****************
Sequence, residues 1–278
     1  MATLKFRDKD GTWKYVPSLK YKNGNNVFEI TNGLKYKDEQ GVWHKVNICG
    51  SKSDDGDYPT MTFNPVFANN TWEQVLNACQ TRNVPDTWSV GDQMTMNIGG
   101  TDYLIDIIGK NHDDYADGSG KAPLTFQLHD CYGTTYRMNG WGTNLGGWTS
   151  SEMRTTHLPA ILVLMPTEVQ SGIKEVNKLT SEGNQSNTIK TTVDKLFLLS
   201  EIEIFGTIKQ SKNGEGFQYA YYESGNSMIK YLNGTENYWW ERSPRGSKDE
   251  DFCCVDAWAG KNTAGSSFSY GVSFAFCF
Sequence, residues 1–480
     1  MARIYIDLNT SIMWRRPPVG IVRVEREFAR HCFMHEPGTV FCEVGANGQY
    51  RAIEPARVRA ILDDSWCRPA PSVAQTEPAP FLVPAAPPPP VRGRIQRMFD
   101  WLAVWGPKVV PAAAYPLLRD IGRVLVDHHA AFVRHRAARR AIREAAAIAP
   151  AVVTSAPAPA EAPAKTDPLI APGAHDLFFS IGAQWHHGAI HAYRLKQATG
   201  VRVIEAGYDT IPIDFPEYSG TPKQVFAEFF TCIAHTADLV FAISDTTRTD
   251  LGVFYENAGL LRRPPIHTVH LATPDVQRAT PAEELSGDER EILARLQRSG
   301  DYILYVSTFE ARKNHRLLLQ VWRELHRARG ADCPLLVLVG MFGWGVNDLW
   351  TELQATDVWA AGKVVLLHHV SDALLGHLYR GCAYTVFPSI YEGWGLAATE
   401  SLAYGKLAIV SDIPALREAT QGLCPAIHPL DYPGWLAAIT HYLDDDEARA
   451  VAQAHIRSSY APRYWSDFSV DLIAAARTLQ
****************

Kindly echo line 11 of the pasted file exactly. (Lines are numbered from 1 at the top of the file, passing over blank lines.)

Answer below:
   101  WLAVWGPKVV PAAAYPLLRD IGRVLVDHHA AFVRHRAARR AIREAAAIAP